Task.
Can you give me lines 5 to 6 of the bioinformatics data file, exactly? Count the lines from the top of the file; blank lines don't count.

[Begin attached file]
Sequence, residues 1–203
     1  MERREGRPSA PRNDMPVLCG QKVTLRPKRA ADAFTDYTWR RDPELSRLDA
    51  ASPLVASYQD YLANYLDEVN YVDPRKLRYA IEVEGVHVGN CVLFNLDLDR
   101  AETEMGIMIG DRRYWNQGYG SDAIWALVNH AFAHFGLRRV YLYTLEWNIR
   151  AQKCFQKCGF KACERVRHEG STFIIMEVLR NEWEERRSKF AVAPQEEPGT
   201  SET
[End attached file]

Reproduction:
   151  AQKCFQKCGF KACERVRHEG STFIIMEVLR NEWEERRSKF AVAPQEEPGT
   201  SET